How to Make a Wooden Handle For a Knife

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Wooden knife handles are beautiful and add a nice touch to knives. They are also very comfortable and allow a good grip when cutting.

The downside of wooden handles is that they are prone to stress cracks in dry climates and the handles can also shrink a bit with age.

How to Make a Knife Handle

Wood is one of the most popular knife handle materials, primarily due to its affordability and the fact that it is available in many different shapes. It is also easy to work with and has an attractive natural appearance.

However, wooden handles can become porous over time and lose grip. This is why it is important to stabilize your wood before making a knife handle.

Another classic knife handle material is leather, either wrapped around a metal tang or stacked in leather disks. Leather is a renewable resource and offers a good grip if wrapped correctly.

A cord wrap can also be a nice addition to a knife handle, and can be anything from old fashion Jute twine to modern paracord. These can be textured or contoured to give the user a comfortable grip, even when wet.


Wood is one of the most popular handle materials for knife makers, it’s pleasing to the eye, feels good in the hand and it’s durable. It’s also biodegradable and renewable, making it a perfect choice for eco-conscious knifemakers.

There are many different types of woods available to make your knife handles from, and each offers a unique look, grain pattern, chatoyance and colour. It’s important to choose the right type of wood for the job at hand.

Traditionally, hickory has been the most common choice for knife handle construction, being straight-grained and shock-resistant, but Indian rosewood is also becoming increasingly popular.

A wood composite handle combines a mix of wood and other materials like plastic to retain the aesthetics of wooden handles while offering additional benefits such as durability, grip or comfort. Pakkawood is a popular example of a wood composite handle.

Woods can be a bit more fragile than synthetic materials, and they are often prone to swelling or shrinking when exposed to moisture or humidity. This is why it’s always best to keep your knife handle dry as much as possible when you’re not using it.


Wooden knife handles are a great option for a wide range of knives because they feel good in your hand, give you a firm grip and prevent your blade from slipping out of your hands. They also look nice and help your knife to have a distinctive personality.

Some woods are better for making knife handles than others, so you should be aware of their qualities before choosing one to use. For example, ebony is a luxurious and durable wood that’s ideal for upscale knives.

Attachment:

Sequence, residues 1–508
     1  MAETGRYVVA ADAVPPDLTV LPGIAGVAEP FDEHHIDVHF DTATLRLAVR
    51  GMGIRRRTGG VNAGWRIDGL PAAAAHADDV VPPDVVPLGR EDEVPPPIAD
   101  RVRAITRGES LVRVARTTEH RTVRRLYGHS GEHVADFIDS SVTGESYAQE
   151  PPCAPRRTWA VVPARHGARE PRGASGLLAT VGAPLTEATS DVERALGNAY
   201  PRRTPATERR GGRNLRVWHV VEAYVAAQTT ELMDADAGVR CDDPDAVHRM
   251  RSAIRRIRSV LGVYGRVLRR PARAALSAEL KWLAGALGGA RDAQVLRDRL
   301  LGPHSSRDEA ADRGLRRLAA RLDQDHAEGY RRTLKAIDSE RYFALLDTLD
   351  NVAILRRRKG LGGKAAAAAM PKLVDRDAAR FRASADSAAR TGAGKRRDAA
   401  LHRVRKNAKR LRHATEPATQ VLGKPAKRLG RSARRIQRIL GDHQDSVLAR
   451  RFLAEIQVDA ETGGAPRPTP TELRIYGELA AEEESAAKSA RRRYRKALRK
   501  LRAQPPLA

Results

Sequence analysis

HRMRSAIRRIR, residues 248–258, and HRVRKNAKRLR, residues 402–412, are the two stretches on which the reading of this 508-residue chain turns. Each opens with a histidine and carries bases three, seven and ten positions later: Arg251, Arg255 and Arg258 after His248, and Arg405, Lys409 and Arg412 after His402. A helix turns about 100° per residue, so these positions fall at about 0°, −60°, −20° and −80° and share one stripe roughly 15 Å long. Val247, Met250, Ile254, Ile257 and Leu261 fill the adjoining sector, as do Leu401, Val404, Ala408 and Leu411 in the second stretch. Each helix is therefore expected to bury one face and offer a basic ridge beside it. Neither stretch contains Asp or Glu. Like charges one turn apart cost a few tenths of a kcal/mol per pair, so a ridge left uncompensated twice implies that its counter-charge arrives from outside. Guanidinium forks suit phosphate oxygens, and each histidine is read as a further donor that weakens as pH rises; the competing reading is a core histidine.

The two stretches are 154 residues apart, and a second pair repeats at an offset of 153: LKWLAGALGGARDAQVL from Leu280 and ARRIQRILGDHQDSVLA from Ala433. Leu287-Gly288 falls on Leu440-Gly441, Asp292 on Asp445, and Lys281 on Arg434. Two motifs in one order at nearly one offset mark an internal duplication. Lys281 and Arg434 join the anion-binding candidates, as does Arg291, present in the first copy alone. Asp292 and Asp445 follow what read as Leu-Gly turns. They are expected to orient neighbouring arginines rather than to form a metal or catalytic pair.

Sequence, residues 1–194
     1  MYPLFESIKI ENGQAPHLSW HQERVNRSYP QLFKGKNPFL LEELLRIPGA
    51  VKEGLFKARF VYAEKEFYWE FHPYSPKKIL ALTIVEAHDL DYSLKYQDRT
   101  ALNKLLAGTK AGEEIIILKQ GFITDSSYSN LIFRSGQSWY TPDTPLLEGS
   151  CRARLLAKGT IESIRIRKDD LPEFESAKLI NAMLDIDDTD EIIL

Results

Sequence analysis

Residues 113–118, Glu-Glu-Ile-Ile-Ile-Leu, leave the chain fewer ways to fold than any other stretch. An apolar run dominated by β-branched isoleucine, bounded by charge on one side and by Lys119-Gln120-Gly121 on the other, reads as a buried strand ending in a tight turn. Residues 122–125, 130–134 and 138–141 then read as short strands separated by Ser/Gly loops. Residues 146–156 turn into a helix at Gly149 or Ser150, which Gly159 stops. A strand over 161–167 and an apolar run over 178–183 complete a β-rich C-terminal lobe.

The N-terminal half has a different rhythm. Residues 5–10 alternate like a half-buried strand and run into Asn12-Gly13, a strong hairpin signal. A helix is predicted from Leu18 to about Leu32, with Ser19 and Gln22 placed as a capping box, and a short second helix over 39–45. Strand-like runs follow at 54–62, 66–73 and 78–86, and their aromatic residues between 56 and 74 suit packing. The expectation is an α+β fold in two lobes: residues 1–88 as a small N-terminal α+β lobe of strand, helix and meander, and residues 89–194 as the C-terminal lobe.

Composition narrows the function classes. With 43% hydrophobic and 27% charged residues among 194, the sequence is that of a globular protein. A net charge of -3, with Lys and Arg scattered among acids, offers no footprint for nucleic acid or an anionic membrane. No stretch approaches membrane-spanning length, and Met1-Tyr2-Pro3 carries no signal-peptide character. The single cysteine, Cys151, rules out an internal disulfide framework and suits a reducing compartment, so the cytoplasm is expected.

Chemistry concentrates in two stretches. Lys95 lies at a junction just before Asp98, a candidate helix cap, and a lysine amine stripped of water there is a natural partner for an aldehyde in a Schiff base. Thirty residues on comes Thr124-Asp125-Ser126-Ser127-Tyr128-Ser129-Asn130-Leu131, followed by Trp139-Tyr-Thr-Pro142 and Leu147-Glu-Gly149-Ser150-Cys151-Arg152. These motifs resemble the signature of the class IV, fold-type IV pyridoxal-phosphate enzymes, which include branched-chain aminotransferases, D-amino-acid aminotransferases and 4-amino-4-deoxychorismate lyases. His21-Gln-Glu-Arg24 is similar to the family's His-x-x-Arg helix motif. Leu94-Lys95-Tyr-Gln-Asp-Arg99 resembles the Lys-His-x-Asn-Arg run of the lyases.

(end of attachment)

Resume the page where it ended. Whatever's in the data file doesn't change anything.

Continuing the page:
Amboyna is another beautiful hardwood that’s ideal for artisan knives, though it’s more expensive than some other options. It’s also solid, stable and resists oxidizing.

Wood can dry out if not properly cared for, so it’s essential to oil it once in a while to keep it healthy. You can apply a couple of drops with a clean cloth, and let the wood soak in for a few hours before wiping off.


The finish on a knife handle will determine how the knife is used and will make it more comfortable and durable to hold. A good finish will help the wood resist moisture and cracking while also giving it a more polished look.

There are several different types of finishes that can be applied to a wooden knife handle. Some are more effective than others.

Tung oil is a common choice, as it delivers a protective coating while looking good. It feels a little grippier than other wood finishing options and is non-toxic.

Linseed oil is another option, as it can strengthen the wood and keep it supple. It is also non-toxic and safe for use around children and pets.

Another finish that is used to protect the handle is beeswax, which can add a lovely finish while also being non-toxic. This is a good choice for wood handles that will be stored outdoors. It dries quickly and is easy to apply.

Ken Onion

Ken Onion is an innovative knifemaker whose work has revolutionized the industry. Born in 1963, he hails from Kaneohe, Hawaii, and invented the SpeedSafe assisted opening mechanism for Kershaw Knives - earning him a position as Premier Knife Designer with them.

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